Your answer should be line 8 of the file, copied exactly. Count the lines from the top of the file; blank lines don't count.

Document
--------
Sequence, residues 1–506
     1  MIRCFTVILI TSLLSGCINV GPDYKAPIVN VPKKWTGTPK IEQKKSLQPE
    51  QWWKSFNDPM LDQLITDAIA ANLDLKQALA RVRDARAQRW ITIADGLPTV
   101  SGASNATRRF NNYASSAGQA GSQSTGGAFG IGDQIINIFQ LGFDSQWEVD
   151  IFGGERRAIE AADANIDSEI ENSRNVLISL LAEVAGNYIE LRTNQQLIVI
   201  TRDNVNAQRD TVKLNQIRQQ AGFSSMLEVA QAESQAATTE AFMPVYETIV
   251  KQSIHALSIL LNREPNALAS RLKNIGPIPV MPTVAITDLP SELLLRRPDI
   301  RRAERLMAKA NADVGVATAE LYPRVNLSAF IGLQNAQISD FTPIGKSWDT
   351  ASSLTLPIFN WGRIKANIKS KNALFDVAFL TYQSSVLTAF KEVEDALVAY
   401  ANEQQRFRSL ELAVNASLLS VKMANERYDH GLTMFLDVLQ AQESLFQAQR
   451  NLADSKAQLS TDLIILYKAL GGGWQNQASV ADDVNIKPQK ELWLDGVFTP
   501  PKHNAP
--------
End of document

   301  RRAERLMAKA NADVGVATAE LYPRVNLSAF IGLQNAQISD FTPIGKSWDT